Footloose Trails in the Cotswolds
  
                          Six suggested trails shown in our 2-part film.                                

    Each chapter of Footloose our top-selling Cotswolds DVD set shows a walking trail lasting 2-3 hours. 
We thought you might be interested in the details if you fancy doing any of them yourself...
It is a good idea to purchase a suitable OS map of the Cotswolds area although three of the trails 
listed here have sheets you can print out.
 Back to the Cotswolds page  

  WALKS FROM DVD PART ONE      WALKS FROM DVD PART TWO  
1. Walk from Stow-on the Wold to Bourton-on the-Water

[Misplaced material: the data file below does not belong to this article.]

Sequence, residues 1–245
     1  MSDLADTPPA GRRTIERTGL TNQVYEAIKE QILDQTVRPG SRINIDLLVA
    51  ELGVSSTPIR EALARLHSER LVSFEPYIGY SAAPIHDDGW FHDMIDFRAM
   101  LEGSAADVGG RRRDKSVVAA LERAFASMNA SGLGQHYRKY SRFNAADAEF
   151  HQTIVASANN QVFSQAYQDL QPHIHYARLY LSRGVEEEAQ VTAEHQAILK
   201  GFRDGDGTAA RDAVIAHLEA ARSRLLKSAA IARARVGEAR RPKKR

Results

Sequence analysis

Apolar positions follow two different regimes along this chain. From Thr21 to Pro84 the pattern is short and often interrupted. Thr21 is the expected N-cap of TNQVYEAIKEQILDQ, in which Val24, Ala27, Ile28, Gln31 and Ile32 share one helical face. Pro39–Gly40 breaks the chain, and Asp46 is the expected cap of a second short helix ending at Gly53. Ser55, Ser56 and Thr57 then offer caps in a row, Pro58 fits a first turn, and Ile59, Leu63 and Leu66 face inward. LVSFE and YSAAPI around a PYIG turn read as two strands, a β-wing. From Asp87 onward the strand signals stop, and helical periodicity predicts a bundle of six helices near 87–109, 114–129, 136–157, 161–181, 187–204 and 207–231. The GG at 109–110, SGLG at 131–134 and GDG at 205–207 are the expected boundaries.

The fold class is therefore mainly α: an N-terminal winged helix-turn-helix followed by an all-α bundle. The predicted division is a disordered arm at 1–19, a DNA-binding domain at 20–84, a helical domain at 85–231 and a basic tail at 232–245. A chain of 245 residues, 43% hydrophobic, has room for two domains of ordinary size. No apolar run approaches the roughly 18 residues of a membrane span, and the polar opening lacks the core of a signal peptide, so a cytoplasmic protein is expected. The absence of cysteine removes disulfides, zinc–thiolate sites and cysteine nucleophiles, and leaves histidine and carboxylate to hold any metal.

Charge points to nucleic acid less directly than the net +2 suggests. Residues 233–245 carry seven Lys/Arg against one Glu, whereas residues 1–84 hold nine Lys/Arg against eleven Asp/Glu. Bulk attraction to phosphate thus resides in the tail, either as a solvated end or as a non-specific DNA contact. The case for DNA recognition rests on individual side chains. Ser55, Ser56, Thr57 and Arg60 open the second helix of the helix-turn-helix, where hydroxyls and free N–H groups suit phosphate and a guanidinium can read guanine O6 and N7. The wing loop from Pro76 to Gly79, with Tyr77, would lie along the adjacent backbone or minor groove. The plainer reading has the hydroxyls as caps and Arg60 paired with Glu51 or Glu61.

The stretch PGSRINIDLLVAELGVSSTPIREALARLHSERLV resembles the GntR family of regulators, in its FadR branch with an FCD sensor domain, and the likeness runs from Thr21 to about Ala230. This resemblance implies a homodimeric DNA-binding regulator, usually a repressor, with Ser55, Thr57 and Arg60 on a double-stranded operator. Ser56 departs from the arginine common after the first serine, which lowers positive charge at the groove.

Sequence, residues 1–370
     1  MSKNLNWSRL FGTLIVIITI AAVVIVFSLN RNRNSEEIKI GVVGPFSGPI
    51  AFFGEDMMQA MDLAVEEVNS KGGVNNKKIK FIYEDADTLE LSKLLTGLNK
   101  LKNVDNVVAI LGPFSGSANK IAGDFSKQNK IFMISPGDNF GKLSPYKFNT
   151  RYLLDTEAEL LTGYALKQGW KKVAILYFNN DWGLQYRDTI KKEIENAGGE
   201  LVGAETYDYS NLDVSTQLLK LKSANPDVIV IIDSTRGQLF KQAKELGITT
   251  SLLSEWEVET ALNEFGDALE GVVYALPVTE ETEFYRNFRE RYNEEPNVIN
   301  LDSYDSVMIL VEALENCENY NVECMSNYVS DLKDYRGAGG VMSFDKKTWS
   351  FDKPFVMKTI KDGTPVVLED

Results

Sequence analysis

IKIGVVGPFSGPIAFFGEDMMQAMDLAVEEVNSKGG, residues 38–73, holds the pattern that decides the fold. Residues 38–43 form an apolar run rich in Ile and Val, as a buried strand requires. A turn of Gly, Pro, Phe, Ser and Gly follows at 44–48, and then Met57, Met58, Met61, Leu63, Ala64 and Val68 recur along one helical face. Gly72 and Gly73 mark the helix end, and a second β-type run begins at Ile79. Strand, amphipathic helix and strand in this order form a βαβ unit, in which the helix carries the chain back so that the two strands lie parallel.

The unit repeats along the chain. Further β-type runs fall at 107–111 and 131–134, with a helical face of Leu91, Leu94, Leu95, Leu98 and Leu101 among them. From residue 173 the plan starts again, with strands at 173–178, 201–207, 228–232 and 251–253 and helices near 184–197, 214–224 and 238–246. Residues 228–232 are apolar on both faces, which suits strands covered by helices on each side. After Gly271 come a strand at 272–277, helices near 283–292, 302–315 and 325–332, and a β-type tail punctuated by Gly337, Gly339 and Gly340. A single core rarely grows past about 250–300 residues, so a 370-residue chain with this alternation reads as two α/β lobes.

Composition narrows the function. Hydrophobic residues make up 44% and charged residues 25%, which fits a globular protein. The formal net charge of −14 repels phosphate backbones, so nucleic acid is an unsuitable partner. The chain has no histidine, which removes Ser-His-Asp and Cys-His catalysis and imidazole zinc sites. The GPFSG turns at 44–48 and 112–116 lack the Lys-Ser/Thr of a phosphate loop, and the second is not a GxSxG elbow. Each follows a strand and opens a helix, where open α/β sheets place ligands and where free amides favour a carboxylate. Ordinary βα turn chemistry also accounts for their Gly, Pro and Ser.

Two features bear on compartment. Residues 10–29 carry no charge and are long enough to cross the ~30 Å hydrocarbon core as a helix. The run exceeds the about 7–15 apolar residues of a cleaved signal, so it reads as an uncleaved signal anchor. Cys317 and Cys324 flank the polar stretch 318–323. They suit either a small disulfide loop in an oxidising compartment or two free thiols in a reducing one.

About 4.5 miles mostly level, stopping at Lower Slaughter Mill and Museum. You set out down the Fosse Way (A429) till you reach the footpath sign for the Gloucestershire Way. Walk down the lane with fine views till you get to a farm with an equestrian centre. From here you take the path across a field to reach Hyde Mill. From this delightful spot you cross the bridge and head through the meadows on level ground close to the little river Dikler. Following the waymarkers as you go (there are 4 major footpaths here!) take the Macmillan Way which will eventually bring you to Lower Slaughter church. From here you follow the road round then right to see the classic picture book scene: idyllic cottages lining the river Eye, and of course the Old Mill ...where you can take tea. It is just a mile and a half then on the Heart of England Way to Bourton, crossing over the Fosse Way and down the lane through the Cotswold School grounds into town. No shortage of places to eat and drink at Bourton! There is a bus to Stow (Pulhams Coaches no.801) you can catch from the stop outside the Edinburgh Woollen Mill, back to where you started.